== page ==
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Alex Vechy
Alex Vechy

Posted on • Updated on

Small update on Redux usage

So the first Redux version was developed somewhere around 5 years from now and a lot has changed since then.


Not only React improved the way our code works for the end-users but also we, as developers, changed the way we use React. Best practices come and go, leaving us with the code that other, new developers, might not understand the purpose of. Remember that PureComponent thing? That it was added in the time where everyone was obsessed with React performance before even having any issues with that? Or smart and dumb components?

Why those practices change is another topic, I guess more related to the way software products are developed rather than tied to React or Front End. So here I just wanted to share a few best practices I believe made Redux usage better over the years.

Folder structure

So far I've mostly seen a separation of files based on their purpose:

redux folders separated to actions/reducers/selectors

Then Redux Ducks came into play, making people to separate files and folders by their features or model they work with. This is a great approach suggested by the Redux Style Guide

Redux Feature Folders structure

Notice that files were separated only when the feature became too big to manage in one file. First, actions.ts were separated from index.ts file. Then came others, making the index to export createReducer only, with imported reducer and initial state. This enables to dispatch specific actions from the specific feature. Why this approach works well? I will agree with Monica Lent that constraints make software easier to maintain. In this case, we constrain code to their features.

But it never works like that in real life! Domain models are interconnected! Actions to one module can cause changes in another! That's real life!

Alright, that's correct. So how about...

Event-driven reducers

Event-driven reducers mean that instead of making action type names to describe what you want to change in the store, you describe what just happened. E.g. instead of ADD_ITEM you say ITEM_ADDED and bum your reducer now reacts to the event, that item was added to the basket. Then it means that if you want some other reducer to change the state based on this action, you just add to that another reducer one more switch clause. If you want to know more, check out this talk by Yazan Alaboudi.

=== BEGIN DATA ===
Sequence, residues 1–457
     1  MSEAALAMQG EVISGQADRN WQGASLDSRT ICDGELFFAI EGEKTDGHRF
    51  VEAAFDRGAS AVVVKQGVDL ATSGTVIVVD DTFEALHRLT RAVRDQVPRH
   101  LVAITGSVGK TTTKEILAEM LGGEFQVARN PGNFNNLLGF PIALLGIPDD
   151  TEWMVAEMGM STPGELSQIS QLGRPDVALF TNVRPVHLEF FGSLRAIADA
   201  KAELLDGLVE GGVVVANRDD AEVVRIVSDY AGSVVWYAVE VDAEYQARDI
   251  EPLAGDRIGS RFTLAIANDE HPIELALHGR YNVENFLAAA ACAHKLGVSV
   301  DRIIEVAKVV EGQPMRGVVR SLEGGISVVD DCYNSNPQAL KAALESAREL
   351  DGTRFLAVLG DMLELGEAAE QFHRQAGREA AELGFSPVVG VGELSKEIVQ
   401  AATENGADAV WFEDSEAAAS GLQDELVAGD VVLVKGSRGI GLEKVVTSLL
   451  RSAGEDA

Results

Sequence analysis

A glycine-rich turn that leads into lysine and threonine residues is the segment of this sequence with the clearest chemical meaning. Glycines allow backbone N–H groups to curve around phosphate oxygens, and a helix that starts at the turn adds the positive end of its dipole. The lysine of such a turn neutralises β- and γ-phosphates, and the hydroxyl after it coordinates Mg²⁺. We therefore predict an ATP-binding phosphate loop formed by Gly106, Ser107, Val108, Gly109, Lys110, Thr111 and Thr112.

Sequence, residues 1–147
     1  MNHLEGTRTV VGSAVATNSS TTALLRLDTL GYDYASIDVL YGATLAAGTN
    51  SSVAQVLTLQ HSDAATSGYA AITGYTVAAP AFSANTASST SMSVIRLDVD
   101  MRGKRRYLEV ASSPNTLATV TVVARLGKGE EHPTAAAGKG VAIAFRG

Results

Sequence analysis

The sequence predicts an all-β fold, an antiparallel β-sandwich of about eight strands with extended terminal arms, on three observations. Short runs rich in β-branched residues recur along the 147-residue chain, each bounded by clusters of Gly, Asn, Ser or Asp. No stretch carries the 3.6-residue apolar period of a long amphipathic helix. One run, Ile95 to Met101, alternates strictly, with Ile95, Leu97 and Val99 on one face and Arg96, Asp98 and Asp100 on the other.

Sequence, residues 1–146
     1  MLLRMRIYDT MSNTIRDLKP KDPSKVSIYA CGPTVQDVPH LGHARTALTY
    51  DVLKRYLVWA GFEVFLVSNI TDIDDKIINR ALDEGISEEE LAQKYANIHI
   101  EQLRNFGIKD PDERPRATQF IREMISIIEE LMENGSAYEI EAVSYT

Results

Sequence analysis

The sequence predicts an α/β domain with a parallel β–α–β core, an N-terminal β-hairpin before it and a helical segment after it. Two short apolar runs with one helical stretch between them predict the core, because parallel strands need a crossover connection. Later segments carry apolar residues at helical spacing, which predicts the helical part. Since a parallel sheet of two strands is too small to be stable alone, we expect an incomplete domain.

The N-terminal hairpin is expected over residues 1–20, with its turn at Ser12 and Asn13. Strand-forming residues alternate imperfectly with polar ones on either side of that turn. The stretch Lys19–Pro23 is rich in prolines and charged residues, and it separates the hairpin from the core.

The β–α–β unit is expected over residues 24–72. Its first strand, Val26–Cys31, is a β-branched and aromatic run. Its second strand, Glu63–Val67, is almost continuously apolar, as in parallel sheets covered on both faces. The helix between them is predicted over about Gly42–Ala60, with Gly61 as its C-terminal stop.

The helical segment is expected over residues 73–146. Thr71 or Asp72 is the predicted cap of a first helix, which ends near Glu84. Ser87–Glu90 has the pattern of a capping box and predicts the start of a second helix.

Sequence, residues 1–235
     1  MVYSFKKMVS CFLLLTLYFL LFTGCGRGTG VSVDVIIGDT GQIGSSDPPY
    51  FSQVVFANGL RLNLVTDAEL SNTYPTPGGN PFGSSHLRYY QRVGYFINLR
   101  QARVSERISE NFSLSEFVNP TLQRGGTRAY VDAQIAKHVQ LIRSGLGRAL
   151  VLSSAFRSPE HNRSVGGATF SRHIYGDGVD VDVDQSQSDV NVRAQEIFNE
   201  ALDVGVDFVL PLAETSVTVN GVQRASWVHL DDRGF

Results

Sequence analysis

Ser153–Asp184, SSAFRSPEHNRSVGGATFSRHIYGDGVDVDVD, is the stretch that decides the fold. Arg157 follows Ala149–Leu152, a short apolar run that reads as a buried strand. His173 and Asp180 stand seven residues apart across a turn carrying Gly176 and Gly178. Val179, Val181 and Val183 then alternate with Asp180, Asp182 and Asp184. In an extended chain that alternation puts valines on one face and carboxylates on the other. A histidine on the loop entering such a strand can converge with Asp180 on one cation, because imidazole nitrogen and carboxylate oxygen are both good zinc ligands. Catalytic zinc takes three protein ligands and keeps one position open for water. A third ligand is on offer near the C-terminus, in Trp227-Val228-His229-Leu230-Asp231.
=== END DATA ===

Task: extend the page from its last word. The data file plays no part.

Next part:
And small example from Redux Style Guide

Compare this two:

{ type: "food/orderAdded",  payload: {pizza: 1, coke: 1} }
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    type: "orders/setPizzasOrdered",
    payload: {
        amount: getState() + 1,

    type: "orders/setCokesOrdered",
    payload: {
        amount: getState().orders.coke + 1,
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With more complicated examples it gets even more beneficial, not only on the code sources side, but on the cognitive load as well, perceiving your reducers not as "for this action -> update this field", but rather "when this happens -> this updates".

It's all interconnected 🔝

So you probably don't need const ADD_ITEM_TO_THE_BASKET = 'ADD_ITEM_TO_THE_BASKET';. If your store is strictly separated by domain models or features and not by your UI code, you can separate events that occur in your system by such features. So your events can look like

{ type: 'food/orderAdded', payload: { /* order info */ }
{ type: 'posts/clapped', payload: { times: 11 } }
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This way your actions are safe. Logic changes, how we handle events can change as well, but events doesn't. Or at least not that often. You can read about it there.

Second, you can easily react to the event from multiple places in your store. So instead of having:

dispatch({ type: 'ADD_CLAP' });
dispatch({ type: 'SET_COMMENTS_AVAILABLE', payload: true });
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you can have multiple reducers reacting to the same event:

dispatch({ type: 'posts/clapped', payload: { /* item */ });

// in your reducers

// posts.js
  case 'posts/clapped':
    return { ...state, claps: state.claps + 1 };

// comments.js
  case 'posts/clapped':
    return { ...state, commentsAvailable: true }; 

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And so we're moving our logic to reducers, instead of making calculations in components' code, redux-thunks, or redux-sagas. We know the logic belongs to the reducer, so we move it there. You can read more about it there.

So as you can see, best practices, which enable us to write maintainable Redux store are all interconnected: with one thing you can easier do another, without sacrificing on anything. This post wasn't intended to be "look what I found", or "one more best practice in Redux". These are just simple and short rules you can incorporate (you probably did already, partially, unconsciously, because it's a natural approach) to your Redux store architecture. And there are more of these already described in Redux Style Guide, concluded by developers to make your life easier. Please, take a quick look, maybe you can find something you have question about to ask here!

Be good, smile and tell jokes to each other!

Cover image reference: React Redux Tutorial for Beginners: Simply Explained

Top comments (1)

markerikson profile image
Mark Erikson

Glad to see that the Style Guide page I wrote is proving useful!

Also, be sure to check out our new official Redux Toolkit package. It includes utilities to simplify several common Redux use cases, including store setup, defining reducers, immutable update logic, and even creating entire "slices" of state at once: